Emily Henry & Brittany Cavallaro
Publisher: Katherine Tegen Books
Publication Date: August 6th 2019
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Best friends are forged by fire. For Winona Olsen and Lucille Pryce, that fire happened the night they met outside the police station—both deciding whether to turn their families in.
Winona has been starving for life in the seemingly perfect home that she shares with her seemingly perfect father, celebrity weatherman Stormy Olsen. No one knows that he locks the pantry door to control her eating and leaves bruises where no one can see them.
Lucille has been suffocating beneath the needs of her mother and her drug-dealing brother, wondering if there’s more out there for her than disappearing waitress tips and generations of barely getting by.
One harrowing night, Winona and Lucille realize they can’t wait until graduation to start their new lives. They need out. Now. All they need is three grand, fast. And really, a stolen convertible to take them from Michigan to Las Vegas can’t hurt.
Mental and Physical Domestic Abuse, Drug Abuse, Panic Attacks, Mentions of Complicated Relationship with Food, Murder, Death
If they couldn’t see Lucille and Winona for who they were, the would pay for it.
This book was a ride. I may have had my expectations to the roof, but I had a really good time reading this. It’s fast paced and has a main focus on friendship and it was set up to be 100% my thing… Yet I don’t know what the missing piece that preventing me from rating this any higher.
I mean… two bestfriends in shitty situations forge a way out with a stolen convertible and some money from the 7-11 they robbed in the heat of the moment.
That was when she knew: Stormy Olsen wasn’t a man anymore. He’d made himself a god.
It took around 25% for me to really get immersed in the book. And I say that because before I hit that mark, this book was pretty hard to get through. Not in a bad way, but this book handles a lot of tough topics and in some instances, it was kind of triggering… I may have put the book down a few times. I can’t speak for most of the representation of many of these themes, so I won’t, but a lot of the things that I recognized felt very well handled.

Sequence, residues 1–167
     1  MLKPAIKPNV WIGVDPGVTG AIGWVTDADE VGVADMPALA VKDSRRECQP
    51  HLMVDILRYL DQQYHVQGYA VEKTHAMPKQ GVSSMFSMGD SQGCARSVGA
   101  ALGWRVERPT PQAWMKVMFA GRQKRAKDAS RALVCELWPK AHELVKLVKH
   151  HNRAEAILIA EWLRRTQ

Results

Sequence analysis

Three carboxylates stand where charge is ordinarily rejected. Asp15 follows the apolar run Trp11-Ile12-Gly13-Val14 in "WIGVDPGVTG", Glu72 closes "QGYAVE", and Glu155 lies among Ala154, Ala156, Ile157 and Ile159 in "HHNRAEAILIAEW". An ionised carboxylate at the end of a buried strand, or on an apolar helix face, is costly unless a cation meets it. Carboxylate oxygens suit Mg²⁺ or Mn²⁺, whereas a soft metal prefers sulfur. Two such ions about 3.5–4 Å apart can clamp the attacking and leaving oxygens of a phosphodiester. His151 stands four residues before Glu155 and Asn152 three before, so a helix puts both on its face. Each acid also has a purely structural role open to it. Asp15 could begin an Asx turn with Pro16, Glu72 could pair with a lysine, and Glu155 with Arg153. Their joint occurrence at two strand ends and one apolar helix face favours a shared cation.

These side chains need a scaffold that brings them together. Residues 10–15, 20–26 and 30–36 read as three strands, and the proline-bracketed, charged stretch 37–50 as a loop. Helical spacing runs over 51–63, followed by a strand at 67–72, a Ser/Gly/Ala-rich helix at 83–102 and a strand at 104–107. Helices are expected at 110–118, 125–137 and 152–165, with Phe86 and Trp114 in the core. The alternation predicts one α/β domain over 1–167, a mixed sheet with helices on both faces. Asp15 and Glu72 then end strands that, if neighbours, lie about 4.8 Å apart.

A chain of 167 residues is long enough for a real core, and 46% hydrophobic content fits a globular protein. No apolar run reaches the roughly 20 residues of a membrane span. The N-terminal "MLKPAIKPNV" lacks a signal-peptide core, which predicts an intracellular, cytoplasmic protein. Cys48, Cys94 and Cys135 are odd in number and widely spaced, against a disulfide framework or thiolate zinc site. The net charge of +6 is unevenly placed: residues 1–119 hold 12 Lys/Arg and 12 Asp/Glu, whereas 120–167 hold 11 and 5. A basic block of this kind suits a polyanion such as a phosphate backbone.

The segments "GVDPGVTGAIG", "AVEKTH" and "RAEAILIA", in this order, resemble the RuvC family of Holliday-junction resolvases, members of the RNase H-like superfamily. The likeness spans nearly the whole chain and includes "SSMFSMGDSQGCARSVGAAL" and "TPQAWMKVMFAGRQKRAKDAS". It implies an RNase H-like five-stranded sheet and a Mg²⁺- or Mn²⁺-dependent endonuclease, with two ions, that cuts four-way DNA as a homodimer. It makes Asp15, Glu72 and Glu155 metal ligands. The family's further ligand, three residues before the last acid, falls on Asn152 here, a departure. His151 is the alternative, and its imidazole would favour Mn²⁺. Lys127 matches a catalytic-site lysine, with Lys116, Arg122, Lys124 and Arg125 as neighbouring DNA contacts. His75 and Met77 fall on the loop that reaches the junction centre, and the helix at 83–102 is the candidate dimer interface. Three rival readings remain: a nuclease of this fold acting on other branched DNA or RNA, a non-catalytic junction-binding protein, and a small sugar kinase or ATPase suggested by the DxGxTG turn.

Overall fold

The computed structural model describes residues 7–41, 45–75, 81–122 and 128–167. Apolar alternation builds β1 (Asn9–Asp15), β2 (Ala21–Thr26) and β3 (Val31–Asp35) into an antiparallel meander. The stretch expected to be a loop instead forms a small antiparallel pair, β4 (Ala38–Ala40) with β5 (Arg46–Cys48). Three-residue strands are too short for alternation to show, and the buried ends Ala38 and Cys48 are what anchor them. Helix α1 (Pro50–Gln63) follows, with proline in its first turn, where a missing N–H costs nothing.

Yet, like I mentioned above, it took a minute to start getting somewhat attached to things— specifically the characters. Now, did I feel for them in this first quarter? Yes, I did. But I didn’t connect with them like I wanted. I was fully prepared to 100% love them and when that took a while to happen, I got nervous.
❥ Winona – The daughter of a well loved weather man who’s mother died of an overdose and is in an abusive home. Sheltered, never having the chance to find her self because she’s someone else’s doll. Her character development was more prevalent, from this timid, unsure girl to someone who will point a gun at your face if you screw her over… it seems over-the-top, but it just worked and it was my personal favorite thing about this story.
❥ Lucille – A girl who has the world on her shoulders, never allowed to want because she has to look after others needs. A stereotype, because when your brothers a drug dealer and your father skipped out on you, you can’t be anything but trash right?
WRONG THX Also, she may be bisexual and I’m??? Here for it?????
It took a bit longer to get the plot together in my mind. Trying to get these threads together and wondering when this would come up and where this plot thread went took a minute to untangle, but it’s fine because it all works out in the end.
It took around the half way point for me to stop feeling like a spectator and start feeling like I was with the characters. And honestly? This story is wild. This is very much a love letter to Thelma and Louise, even with a few memorable scenes from the movie itself
like a very attractive con artist.
I can’t remember a time when I was able to want anything more than enough.
But it’s a bit more than that. It’s empowering, it’s unlikely situations and ride or dies and growing up too fast and revenge. It’s two girls being fed up with the men
or adults in general in their lives screwing them over and doing something about it… and that’s something I can always get behind.
Brittany Cavallaro is a poet, fiction writer, and old school Sherlockian. She is the New York Times bestselling author of the Charlotte Holmes novels from HarperCollins/Katherine Tegen Books, including A STUDY IN CHARLOTTE, THE LAST OF AUGUST, and THE CASE FOR JAMIE (forthcoming in March 2018). She’s also the author of the poetry collection GIRL-KING (University of Akron) and is the recipient of a National Endowment for the Arts fellowship. She earned her BA in literature from Middlebury College and her MFA in poetry from the University of Wisconsin-Madison. She lives in Michigan with her husband, cat, dog, and collection of deerstalker caps.
Emily Henry is the author of The Love That Split the World and A Million Junes.She is a full-time writer, proofreader, and donut connoisseur. She studied creative writing at Hope College and the New York Center for Art & Media Studies, and now spends most of her time in Cincinnati, Ohio, and the part of Kentucky just beneath it. She tweets @EmilyHenryWrite.